The Pentagon has finally approved a waiver for the F-35 stealth fighter embroiled in controversy over using a Chinese-made alloy. While it has been seen as a lease of life for the aircraft awaiting delivery, China is convinced that this indicates American dependence on Beijing.
Chinese analysts told state-run media Global Times that the US military’s reliance on Chinese rare-earth products had been exposed by a waiver that permits alloy with Chinese origins to continue to be used on F-35 fighter jets.
As a result, China may choose to restrict the export of such strategic resources to protect its national security.
EurAsian Times reported that Pentagon had temporarily suspended the delivery of F-35 fighter jets after discovering that a magnet in the Honeywell-built turbomachine was made using a cobalt and samarium alloy developed in China. At the time, it was revealed that the Chinese alloy is present in all 825 F-35s delivered to date, regardless of variation or buyer.
Just days after Pentagon halted the delivery, the F-35 Joint Production Office informed that it had decided to ask for a national security waiver to permit deliveries to continue, even though the Lightning II Joint Strike Fighter contains a Chinese component in violation of Pentagon purchase norms.
Complying with the request made by the F-35 JPO, Pentagon’s Chief Weapon Buyer William LaPlante signed the waiver on October 8 permitting the use of the alloy. US regulations prohibit any unapproved Chinese component in the aircraft.
According to LaPlante, the acceptance of the aircraft is required for national security reasons. He said this waiver is valid until the last aircraft covered by the contract is accepted, which is anticipated to happen in October 2023.
However, the waiver has been seen in China as American dependence on rare earth metals produced in China. Chinese state-run publication China Daily earlier said that the incident showed a ridiculous situation of high anxiety the US administration has forced upon itself due to the self-inflicted red scare.
US Supply Chain Fallacy Or China-Dependence?
According to Yang, manager of a state-owned rare-earth enterprise in Ganzhou, China has a competitive advantage in the middle- to downstream production of rare-earth magnets, and the US effort to ban imports of China-origin alloy from military equipment is practical “a mission impossible” from both a short- and long-term perspective.
“China is the only country in the world that has developed the ability to extract samarium and cobalt rare-earth metals, which means the middle product samarium oxide is almost 100% made in Chinese factories. We also account for over 70% of the final product of samarium-cobalt rare-earth magnets. How can Washington take out Chinese rare-earth products from its jets in such a scenario?” Yang said.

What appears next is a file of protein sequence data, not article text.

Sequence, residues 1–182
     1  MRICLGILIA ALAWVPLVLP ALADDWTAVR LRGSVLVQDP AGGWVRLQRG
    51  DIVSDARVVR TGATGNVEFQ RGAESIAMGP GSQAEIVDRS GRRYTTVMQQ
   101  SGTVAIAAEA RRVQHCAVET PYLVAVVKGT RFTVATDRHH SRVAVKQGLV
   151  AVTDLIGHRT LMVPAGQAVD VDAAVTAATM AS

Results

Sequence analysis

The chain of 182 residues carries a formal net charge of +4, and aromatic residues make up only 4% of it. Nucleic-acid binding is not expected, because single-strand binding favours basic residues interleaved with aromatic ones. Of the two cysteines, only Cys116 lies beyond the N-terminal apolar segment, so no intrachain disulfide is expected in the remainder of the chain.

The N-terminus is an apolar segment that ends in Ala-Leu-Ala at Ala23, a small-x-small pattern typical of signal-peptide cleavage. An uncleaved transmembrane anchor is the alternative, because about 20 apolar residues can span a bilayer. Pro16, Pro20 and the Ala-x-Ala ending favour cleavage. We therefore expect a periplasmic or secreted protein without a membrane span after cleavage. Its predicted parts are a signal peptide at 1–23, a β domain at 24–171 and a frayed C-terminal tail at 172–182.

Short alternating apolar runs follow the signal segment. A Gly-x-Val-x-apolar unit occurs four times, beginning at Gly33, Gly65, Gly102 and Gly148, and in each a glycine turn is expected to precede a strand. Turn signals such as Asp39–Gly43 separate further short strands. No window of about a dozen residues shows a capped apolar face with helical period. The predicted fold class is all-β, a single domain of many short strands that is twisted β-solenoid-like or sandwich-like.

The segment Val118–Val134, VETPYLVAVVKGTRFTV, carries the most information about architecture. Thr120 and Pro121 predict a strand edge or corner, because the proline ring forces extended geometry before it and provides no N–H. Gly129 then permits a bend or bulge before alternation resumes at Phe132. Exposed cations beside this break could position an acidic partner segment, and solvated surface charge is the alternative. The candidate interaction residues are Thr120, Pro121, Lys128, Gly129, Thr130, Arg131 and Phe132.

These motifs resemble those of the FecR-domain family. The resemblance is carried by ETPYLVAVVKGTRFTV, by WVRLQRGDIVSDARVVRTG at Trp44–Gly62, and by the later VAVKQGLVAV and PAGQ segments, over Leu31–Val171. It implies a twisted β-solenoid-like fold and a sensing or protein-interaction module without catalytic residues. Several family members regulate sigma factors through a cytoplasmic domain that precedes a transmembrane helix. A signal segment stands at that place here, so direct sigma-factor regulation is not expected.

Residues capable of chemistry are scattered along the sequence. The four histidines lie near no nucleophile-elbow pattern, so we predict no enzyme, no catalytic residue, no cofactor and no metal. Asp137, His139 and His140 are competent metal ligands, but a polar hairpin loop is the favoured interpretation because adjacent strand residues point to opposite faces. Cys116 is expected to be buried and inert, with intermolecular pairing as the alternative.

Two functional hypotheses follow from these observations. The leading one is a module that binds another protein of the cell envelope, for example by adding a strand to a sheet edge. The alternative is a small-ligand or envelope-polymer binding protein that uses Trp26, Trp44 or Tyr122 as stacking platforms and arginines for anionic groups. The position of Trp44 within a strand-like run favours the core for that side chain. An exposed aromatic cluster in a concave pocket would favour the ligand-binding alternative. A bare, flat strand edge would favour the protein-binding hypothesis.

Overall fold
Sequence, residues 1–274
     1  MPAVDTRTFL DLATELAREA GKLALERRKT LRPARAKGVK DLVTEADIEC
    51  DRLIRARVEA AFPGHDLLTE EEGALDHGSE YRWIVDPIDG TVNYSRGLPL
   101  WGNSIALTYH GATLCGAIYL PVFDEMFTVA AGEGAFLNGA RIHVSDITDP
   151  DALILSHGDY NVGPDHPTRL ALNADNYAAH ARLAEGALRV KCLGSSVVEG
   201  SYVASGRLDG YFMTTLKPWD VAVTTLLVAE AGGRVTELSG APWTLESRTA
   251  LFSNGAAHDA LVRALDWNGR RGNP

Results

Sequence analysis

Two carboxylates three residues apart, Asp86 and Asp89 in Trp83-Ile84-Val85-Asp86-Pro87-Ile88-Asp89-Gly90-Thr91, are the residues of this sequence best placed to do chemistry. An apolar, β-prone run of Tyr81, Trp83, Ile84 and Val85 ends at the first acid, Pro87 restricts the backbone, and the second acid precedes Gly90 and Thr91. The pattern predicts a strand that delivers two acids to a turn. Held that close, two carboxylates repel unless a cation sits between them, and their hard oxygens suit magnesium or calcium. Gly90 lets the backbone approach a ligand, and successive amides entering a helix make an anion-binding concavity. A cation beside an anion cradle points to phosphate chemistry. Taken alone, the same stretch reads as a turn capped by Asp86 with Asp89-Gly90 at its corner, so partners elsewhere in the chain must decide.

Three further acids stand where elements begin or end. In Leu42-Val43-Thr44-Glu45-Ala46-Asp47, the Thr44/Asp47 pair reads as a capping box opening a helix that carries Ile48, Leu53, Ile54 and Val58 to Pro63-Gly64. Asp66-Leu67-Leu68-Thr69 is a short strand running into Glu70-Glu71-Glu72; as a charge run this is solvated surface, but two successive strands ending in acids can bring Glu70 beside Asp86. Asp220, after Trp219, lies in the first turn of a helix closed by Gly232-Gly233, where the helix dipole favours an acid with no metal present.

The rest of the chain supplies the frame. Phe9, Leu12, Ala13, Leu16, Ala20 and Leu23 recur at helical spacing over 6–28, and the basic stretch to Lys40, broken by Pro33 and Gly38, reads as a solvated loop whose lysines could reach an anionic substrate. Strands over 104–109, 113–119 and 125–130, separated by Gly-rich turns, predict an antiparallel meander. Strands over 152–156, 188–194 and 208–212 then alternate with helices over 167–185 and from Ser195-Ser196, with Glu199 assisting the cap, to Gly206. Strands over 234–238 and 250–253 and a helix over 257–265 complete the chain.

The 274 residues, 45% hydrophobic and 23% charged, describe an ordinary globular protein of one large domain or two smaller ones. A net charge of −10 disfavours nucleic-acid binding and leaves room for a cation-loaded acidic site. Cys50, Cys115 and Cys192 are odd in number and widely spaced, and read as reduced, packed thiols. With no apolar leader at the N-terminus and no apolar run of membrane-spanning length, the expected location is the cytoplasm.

According to researchers, other US weaponry and equipment may contain Chinese rare-earth items. This argument by Chinese analysts has merit as it is not the first time a prohibited Chinese component has been found in an F-35.
The Pentagon was forced to suspend rules routinely to keep the fighter program on track in 2012 and 2013. Other military aircraft, such as several Lockheed Martin F-16 fighters and the Boeing B-1B bomber, were also found to contain Chinese elements in 2014.
Wei Dongxu, a Beijing-based military expert, stated that China should think about enforcing more stringent export controls on rare-earth products, which are strategic resources because the US uses them for military purposes that could undermine China’s sovereignty, territorial integrity, and development interests.
China’s adversaries, including Japan and South Korea, deploy F-35s in the Indo-Pacific. Further, Lockheed Martin is one of the US arms companies that China has sanctioned for providing weapons and equipment to Taiwan, which could be another reason for Beijing to bar the export of alloy to the American defense giant.
On its part, the US has blamed the use of the alloy as a supply-chain fallacy that it has vowed to look deep into and correct. At the time of the ban last month, LaPlante said that the main problem was not the alloy itself but how complicated the supply chain for the defense industrial base may be. He stated that contractors needed to understand their supply chains better.
The JPO said in a statement that an alternative source for the alloy would be used in the future. Additionally, Lockheed Martin assured the Pentagon that magnets produced from a different alloy employing components from the United States would be used going forward in the production of turbomachines.